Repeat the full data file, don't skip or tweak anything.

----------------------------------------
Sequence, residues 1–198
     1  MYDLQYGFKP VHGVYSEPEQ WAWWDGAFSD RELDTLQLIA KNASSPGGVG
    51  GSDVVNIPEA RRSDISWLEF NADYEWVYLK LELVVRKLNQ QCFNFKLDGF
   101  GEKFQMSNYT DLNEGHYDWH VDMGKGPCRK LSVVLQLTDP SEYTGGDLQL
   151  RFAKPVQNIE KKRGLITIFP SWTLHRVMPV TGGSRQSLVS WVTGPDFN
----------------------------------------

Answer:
Sequence, residues 1–198
     1  MYDLQYGFKP VHGVYSEPEQ WAWWDGAFSD RELDTLQLIA KNASSPGGVG
    51  GSDVVNIPEA RRSDISWLEF NADYEWVYLK LELVVRKLNQ QCFNFKLDGF
   101  GEKFQMSNYT DLNEGHYDWH VDMGKGPCRK LSVVLQLTDP SEYTGGDLQL
   151  RFAKPVQNIE KKRGLITIFP SWTLHRVMPV TGGSRQSLVS WVTGPDFN